104

I have a raw string. I just want to validate whether the string is valid JSON or not. I'm using JSON.NET.

153

Through Code:

Your best bet is to use parse inside a try-catch and catch exception in case of failed parsing. (I am not aware of any TryParse method).

(Using JSON.Net)

Simplest way would be to Parse the string using JToken.Parse, and also to check if the string starts with { or [ and ends with } or ] respectively (added from this answer):

private static bool IsValidJson(string strInput)
{
    strInput = strInput.Trim();
    if ((strInput.StartsWith("{") && strInput.EndsWith("}")) || //For object
        (strInput.StartsWith("[") && strInput.EndsWith("]"))) //For array
    {
        try
        {
            var obj = JToken.Parse(strInput);
            return true;
        }
        catch (JsonReaderException jex)
        {
            //Exception in parsing json
            Console.WriteLine(jex.Message);
            return false;
        }
        catch (Exception ex) //some other exception
        {
            Console.WriteLine(ex.ToString());
            return false;
        }
    }
    else
    {
        return false;
    }
}

The reason to add checks for { or [ etc was based on the fact that JToken.Parse would parse the values such as "1234" or "'a string'" as a valid token. The other option could be to use both JObject.Parse and JArray.Parse in parsing and see if anyone of them succeeds, but I believe checking for {} and [] should be easier. (Thanks @RhinoDevel for pointing it out)

Without JSON.Net

You can utilize .Net framework 4.5 System.Json namespace ,like:

string jsonString = "someString";
try
{
    var tmpObj = JsonValue.Parse(jsonString);
}
catch (FormatException fex)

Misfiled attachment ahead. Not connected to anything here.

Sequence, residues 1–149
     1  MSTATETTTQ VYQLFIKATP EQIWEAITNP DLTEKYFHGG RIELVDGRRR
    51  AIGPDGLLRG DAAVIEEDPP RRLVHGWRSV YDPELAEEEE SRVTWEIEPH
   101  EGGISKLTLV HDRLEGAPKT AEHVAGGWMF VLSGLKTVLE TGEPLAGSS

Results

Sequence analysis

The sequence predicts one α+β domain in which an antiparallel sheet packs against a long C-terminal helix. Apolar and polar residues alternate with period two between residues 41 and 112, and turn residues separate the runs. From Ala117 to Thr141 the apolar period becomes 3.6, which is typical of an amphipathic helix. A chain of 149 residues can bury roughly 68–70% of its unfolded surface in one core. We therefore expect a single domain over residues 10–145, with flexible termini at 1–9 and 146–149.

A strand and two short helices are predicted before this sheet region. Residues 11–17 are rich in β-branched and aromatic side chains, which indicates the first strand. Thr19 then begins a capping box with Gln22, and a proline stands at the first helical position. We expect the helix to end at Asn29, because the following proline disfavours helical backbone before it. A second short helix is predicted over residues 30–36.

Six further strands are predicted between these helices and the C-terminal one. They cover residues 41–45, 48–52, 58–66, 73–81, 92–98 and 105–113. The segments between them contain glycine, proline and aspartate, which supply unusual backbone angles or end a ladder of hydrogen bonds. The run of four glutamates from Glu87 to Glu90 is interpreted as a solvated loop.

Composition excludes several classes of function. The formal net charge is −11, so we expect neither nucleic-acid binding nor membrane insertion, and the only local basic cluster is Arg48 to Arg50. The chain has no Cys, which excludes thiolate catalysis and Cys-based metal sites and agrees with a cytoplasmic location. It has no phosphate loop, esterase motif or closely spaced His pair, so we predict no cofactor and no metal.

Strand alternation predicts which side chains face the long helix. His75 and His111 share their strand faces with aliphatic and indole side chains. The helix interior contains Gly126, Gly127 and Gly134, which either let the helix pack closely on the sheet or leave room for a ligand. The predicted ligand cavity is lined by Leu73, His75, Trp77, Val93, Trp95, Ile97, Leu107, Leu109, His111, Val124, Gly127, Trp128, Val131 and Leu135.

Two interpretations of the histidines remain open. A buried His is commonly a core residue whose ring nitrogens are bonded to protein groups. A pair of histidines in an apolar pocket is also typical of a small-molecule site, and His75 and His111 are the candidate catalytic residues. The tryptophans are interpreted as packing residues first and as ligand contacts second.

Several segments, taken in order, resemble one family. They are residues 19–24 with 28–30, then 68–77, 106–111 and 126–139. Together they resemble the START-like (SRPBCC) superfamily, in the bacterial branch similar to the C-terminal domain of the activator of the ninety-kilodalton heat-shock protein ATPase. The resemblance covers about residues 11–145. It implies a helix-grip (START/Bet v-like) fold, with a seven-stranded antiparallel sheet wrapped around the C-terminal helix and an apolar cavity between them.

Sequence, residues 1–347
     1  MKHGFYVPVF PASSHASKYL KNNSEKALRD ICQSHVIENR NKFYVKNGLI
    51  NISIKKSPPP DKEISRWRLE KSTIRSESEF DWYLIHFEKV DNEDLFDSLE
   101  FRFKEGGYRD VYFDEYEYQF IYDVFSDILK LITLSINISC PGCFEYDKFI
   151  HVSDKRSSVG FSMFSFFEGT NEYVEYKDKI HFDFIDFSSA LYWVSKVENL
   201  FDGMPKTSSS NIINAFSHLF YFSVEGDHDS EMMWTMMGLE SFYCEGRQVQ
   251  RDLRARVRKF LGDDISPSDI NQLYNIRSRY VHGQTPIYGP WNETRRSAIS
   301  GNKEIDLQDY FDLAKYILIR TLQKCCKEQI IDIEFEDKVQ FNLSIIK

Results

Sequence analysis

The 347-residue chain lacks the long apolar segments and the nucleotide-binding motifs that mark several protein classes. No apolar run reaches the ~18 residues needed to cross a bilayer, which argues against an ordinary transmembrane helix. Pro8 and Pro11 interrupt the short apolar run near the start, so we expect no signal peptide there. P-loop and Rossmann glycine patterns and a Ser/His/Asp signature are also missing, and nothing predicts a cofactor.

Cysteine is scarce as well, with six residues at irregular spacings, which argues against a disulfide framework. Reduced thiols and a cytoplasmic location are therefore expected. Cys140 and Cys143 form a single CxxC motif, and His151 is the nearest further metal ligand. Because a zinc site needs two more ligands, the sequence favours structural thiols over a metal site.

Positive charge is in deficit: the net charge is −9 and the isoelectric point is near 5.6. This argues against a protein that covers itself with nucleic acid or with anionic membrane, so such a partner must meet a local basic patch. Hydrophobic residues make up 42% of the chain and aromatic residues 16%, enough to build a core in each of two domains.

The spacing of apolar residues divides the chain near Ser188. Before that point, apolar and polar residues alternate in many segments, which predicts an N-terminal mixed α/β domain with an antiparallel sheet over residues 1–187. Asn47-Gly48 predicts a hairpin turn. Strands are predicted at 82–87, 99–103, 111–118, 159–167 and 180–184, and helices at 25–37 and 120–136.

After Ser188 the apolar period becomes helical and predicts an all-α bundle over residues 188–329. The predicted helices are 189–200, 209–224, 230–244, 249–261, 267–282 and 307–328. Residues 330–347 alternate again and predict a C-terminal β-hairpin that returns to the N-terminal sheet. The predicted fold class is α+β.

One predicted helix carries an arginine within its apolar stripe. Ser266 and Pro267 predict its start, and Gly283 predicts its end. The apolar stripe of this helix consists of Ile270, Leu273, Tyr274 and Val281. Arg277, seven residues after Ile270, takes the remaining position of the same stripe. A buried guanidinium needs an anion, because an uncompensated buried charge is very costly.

{
    //Invalid json format
    Console.WriteLine(fex);
}
catch (Exception ex) //some other exception
{
    Console.WriteLine(ex.ToString());
}

(But, you have to install System.Json through Nuget package manager using command: PM> Install-Package System.Json -Version 4.0.20126.16343 on Package Manager Console) (taken from here)

Non-Code way:

Usually, when there is a small json string and you are trying to find a mistake in the json string, then I personally prefer to use available on-line tools. What I usually do is:

  • 2
    How can do this at runtime. I don't want to use try catch for validation purpose – user960567 Feb 20 '13 at 10:49
  • 1
    You can create a Schema for your JSON and later verify against that schema see: Json.NET 3.5 Beta 2 – JSON schema validation – Habib Feb 20 '13 at 10:51
  • 1
    Using JSON.Net: This does not throw an exception: JToken.Parse("1234")! Might be a good idea to check first, if string starts with [ or {. Another alternative is use JObject.Parse() and JArray.Parse(). – RhinoDevel Nov 24 '15 at 8:26
  • 1
    JToken.Parse("{a:1}") does not throw exception even though this is invalid JSON - a should be quoted (stackoverflow.com/q/949449/3116322) – Ande Mar 10 '16 at 16:17
  • 1